Sanctions, blockade insufficient against Iran UAVs: National Interest
The United States imposing sanctions on Iran is not enough to curb its drone program as Tehran has repeatedly proven to be perfectly capable of overcoming the sanctions.
Under US sanctions since December 2013, the Iran Aviation Industries Organization (IAIO) was sanctioned once again in early January 2023 after the body responsible for designing and manufacturing drones for Iran since its foundation at the hands of the Islamic Revolution Guard Corps (IRGC) in 1985 was reportedly found culpable for Russia using the Mohajer-6 drones in Ukraine amid the ongoing war.
In addition to sanctioning the board members of the IAIO, the United States might resort to further sanctioning officials in the Iran Aircraft Manufacturing Industries Corporation (HESA), which produces the Shahed-136 drones also used by Russia alongside the Mohajer-6s in Ukraine, despite the institution having been under US, UK, and EU sanctions for almost a decade as well.
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Washington has had Iran's military corporations and production lines under severe sanctions for years at this point, with organizations such as IAIO, HESA, Fajr Aviation Composite Industries (FACI), and the Iran Aircraft Industries (IACI) residing under strict punitive measures. The US Treasury's sanctions, however, did not even remotely prevent Iran's aerospace sector from making strides, be it on a technological or innovative level, with this vital sector expanding to limits thought to be impossible in very short amounts of time.
Despite heavy sanctions from the US and its Western allies, Iran became a force to be reckoned with when it came to its drone capabilities, even sharing its expertise with allies thought to be far more advanced technologically through prowess that shocked its friends and foes.
"With over thirty-three models, Iran’s highly developed, sophisticated military drone complex comprises one of the four pillars of its security strategy and force structure," wrote columnists Eric Lob and Edward Riehle in the National Interest. According to the two journalists, the other three pillars include Tehran's "missile technology, [so-called] proxy forces, and cyber warfare."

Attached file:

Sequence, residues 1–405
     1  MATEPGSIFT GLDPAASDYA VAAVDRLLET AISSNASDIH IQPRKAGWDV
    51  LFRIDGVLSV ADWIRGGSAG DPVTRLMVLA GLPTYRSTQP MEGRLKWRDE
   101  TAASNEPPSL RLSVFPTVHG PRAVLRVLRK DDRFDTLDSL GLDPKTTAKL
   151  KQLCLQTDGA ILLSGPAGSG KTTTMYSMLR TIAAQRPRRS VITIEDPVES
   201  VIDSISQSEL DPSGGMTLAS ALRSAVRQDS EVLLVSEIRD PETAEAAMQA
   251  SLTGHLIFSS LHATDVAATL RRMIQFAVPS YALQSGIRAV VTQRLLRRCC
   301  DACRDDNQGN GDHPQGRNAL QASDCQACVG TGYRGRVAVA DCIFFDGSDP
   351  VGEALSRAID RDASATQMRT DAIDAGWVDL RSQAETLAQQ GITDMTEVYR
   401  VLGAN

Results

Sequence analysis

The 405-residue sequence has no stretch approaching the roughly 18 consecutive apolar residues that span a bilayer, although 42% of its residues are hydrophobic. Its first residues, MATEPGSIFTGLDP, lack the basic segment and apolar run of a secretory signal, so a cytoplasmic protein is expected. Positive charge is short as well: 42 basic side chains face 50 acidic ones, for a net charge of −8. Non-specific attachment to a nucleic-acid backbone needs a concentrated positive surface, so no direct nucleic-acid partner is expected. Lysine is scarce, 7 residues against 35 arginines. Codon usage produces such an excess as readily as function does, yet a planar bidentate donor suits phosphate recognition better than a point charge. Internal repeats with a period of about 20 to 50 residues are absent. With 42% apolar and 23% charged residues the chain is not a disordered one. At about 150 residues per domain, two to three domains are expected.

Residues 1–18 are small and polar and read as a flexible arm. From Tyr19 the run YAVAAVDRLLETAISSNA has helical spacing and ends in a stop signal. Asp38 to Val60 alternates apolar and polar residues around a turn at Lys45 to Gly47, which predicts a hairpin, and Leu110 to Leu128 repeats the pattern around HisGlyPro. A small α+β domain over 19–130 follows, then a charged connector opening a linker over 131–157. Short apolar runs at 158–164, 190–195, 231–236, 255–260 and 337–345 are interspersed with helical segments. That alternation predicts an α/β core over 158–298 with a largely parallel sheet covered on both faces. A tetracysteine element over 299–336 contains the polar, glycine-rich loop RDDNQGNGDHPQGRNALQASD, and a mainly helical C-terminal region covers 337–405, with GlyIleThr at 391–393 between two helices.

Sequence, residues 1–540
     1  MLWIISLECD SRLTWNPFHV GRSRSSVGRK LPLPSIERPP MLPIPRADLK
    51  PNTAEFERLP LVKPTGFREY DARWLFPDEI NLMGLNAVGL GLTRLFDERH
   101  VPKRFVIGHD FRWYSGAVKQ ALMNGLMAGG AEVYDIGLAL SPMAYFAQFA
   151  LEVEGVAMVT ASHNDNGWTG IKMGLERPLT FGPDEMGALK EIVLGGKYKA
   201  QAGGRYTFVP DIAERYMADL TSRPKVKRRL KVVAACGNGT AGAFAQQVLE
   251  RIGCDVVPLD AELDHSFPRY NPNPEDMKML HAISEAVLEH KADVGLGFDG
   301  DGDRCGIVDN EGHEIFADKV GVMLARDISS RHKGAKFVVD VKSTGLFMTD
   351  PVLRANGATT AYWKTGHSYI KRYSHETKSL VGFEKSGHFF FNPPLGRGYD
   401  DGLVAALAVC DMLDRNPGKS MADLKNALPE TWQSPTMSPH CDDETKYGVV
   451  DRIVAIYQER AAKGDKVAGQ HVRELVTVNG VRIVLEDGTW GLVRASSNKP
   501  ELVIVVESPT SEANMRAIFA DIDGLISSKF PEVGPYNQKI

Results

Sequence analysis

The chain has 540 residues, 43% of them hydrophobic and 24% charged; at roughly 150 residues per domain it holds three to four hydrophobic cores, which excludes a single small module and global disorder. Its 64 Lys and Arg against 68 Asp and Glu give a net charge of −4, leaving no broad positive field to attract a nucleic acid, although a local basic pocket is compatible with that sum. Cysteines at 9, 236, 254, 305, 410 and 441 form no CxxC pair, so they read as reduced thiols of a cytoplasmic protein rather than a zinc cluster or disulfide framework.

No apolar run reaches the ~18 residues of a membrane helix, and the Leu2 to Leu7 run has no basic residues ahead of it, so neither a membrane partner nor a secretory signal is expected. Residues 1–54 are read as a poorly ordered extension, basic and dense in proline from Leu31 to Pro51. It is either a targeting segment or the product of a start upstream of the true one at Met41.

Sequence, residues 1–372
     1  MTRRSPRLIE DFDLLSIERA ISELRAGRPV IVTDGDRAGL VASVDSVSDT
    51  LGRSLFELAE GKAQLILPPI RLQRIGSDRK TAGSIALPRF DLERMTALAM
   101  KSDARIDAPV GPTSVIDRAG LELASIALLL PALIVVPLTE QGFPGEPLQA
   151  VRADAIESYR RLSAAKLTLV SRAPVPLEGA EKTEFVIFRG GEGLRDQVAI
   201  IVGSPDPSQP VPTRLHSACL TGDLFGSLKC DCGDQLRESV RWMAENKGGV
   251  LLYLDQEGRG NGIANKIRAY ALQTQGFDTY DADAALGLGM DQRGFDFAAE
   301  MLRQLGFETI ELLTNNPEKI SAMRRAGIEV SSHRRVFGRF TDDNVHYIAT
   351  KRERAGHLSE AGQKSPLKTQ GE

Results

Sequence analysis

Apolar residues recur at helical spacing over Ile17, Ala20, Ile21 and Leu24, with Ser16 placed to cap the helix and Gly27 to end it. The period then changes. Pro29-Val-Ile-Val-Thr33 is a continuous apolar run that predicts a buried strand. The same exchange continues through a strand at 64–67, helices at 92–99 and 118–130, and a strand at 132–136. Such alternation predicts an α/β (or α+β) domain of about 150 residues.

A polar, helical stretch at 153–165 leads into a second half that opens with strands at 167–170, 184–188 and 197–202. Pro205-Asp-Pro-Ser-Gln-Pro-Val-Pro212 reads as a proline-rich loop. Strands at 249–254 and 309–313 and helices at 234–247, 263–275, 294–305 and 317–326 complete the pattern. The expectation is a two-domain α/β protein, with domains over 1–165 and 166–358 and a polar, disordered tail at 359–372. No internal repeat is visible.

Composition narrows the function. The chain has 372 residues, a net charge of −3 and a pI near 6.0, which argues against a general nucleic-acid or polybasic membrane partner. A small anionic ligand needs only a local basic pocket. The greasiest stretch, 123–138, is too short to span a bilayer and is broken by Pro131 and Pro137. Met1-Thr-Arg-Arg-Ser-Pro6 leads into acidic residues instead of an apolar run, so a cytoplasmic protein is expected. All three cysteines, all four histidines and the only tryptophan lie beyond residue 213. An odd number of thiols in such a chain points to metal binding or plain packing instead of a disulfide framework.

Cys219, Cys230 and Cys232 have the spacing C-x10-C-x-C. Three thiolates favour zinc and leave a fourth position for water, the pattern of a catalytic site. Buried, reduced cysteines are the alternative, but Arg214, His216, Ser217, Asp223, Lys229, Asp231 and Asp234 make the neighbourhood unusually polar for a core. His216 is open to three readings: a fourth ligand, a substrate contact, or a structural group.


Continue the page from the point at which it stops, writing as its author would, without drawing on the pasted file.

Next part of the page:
According to the magazine, after Iran acknowledged that it could not compete with the regional and international air forces in the region with their high-tech and high-end fighters and bombers, it worked on its drone program, which gave it an edge over its foes in the international arena.
Proven to be highly reliable on the battlefield at an extremely low price compared to their Western counterparts, Iran's drones helped the Islamic Republic realize various political tools all the while giving it a better reputation when it came to its international partners, with promises from Russia to give Tehran multiple Su-35 fighter jets by March.
The aforementioned political tools gained due to Iran's sheer commitment to its drone program include stronger alliances, better prestige, and an influence in warfare, all the while the IR is turning a profit and expanding its power.
The National Interest said Iran has delivered drones to various nations all over the world, such as "Iraq, Lebanon, and Yemen, [...] Ethiopia, Russia, Sudan, Syria, and Venezuela", noting that these transactions were made possible due to the expiration of the UN arms embargo back in 2020, which saw Iran less than two later opening its first offshore UAV production plant - a drone factory in Tajikistan.
However, despite the Western allegations that Iran supplied Russia with drones in the midst of the war, Iranian Foreign Minister Hossein Amir-Abdollahian revealed that Tehran gave a small batch of drones to Russia, but it was before the Ukraine war broke out.